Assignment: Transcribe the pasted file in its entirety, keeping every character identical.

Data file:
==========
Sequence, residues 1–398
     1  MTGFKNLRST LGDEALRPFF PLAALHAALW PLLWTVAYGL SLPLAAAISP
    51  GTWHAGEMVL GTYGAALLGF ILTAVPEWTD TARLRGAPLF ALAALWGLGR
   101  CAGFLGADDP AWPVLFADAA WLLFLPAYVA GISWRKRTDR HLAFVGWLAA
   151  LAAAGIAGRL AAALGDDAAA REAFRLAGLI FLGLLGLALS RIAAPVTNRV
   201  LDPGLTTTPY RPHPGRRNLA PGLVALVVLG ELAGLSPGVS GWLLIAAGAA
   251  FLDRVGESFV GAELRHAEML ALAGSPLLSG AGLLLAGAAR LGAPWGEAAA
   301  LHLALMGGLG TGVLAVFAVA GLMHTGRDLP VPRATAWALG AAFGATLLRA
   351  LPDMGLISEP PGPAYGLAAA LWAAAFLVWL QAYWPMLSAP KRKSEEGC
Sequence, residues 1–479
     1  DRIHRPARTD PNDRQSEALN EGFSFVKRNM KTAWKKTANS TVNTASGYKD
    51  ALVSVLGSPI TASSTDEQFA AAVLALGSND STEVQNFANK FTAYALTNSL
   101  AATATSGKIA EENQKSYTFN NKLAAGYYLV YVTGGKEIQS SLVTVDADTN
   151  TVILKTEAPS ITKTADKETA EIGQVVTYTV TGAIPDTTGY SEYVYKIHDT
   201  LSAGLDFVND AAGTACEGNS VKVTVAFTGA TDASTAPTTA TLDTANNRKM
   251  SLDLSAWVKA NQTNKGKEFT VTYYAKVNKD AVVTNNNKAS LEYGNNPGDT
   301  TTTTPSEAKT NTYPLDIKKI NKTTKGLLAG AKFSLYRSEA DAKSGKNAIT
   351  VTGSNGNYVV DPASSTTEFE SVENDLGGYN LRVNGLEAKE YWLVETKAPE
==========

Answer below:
Sequence, residues 1–398
     1  MTGFKNLRST LGDEALRPFF PLAALHAALW PLLWTVAYGL SLPLAAAISP
    51  GTWHAGEMVL GTYGAALLGF ILTAVPEWTD TARLRGAPLF ALAALWGLGR
   101  CAGFLGADDP AWPVLFADAA WLLFLPAYVA GISWRKRTDR HLAFVGWLAA
   151  LAAAGIAGRL AAALGDDAAA REAFRLAGLI FLGLLGLALS RIAAPVTNRV
   201  LDPGLTTTPY RPHPGRRNLA PGLVALVVLG ELAGLSPGVS GWLLIAAGAA
   251  FLDRVGESFV GAELRHAEML ALAGSPLLSG AGLLLAGAAR LGAPWGEAAA
   301  LHLALMGGLG TGVLAVFAVA GLMHTGRDLP VPRATAWALG AAFGATLLRA
   351  LPDMGLISEP PGPAYGLAAA LWAAAFLVWL QAYWPMLSAP KRKSEEGC
Sequence, residues 1–479
     1  DRIHRPARTD PNDRQSEALN EGFSFVKRNM KTAWKKTANS TVNTASGYKD
    51  ALVSVLGSPI TASSTDEQFA AAVLALGSND STEVQNFANK FTAYALTNSL
   101  AATATSGKIA EENQKSYTFN NKLAAGYYLV YVTGGKEIQS SLVTVDADTN
   151  TVILKTEAPS ITKTADKETA EIGQVVTYTV TGAIPDTTGY SEYVYKIHDT
   201  LSAGLDFVND AAGTACEGNS VKVTVAFTGA TDASTAPTTA TLDTANNRKM
   251  SLDLSAWVKA NQTNKGKEFT VTYYAKVNKD AVVTNNNKAS LEYGNNPGDT
   301  TTTTPSEAKT NTYPLDIKKI NKTTKGLLAG AKFSLYRSEA DAKSGKNAIT
   351  VTGSNGNYVV DPASSTTEFE SVENDLGGYN LRVNGLEAKE YWLVETKAPE